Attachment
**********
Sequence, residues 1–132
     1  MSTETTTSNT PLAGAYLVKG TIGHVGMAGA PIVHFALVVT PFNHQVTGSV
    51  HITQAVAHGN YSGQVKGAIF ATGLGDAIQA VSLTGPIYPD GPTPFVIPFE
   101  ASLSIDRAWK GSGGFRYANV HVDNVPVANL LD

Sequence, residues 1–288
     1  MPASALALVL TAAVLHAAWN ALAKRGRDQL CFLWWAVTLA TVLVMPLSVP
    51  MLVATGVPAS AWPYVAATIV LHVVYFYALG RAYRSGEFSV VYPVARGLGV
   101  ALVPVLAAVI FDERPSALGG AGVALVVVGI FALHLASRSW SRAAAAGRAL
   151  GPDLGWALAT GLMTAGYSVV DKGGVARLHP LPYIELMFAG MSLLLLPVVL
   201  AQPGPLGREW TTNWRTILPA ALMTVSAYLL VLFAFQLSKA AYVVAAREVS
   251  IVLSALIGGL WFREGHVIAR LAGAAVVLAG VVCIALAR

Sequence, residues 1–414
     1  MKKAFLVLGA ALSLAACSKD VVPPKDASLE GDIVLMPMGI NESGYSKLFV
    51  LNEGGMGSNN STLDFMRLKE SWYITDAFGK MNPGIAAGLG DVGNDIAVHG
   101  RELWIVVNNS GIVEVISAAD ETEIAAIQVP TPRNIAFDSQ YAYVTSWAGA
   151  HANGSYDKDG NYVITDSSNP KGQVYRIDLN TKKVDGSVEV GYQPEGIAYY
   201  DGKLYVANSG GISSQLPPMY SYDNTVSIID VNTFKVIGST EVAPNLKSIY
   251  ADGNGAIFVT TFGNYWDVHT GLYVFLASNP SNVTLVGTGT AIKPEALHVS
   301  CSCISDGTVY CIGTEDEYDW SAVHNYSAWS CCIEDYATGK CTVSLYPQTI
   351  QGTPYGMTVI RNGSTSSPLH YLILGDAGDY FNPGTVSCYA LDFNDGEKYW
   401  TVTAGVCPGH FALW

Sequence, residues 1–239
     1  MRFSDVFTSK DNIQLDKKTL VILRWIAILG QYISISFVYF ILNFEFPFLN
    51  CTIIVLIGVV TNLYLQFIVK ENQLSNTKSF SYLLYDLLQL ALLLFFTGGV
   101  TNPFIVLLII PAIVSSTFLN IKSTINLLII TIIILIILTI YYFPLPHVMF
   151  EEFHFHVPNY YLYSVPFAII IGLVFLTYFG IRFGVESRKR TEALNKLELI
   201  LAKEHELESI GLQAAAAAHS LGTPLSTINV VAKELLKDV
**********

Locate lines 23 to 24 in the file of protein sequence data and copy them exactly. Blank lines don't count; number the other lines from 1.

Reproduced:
     1  MRFSDVFTSK DNIQLDKKTL VILRWIAILG QYISISFVYF ILNFEFPFLN
    51  CTIIVLIGVV TNLYLQFIVK ENQLSNTKSF SYLLYDLLQL ALLLFFTGGV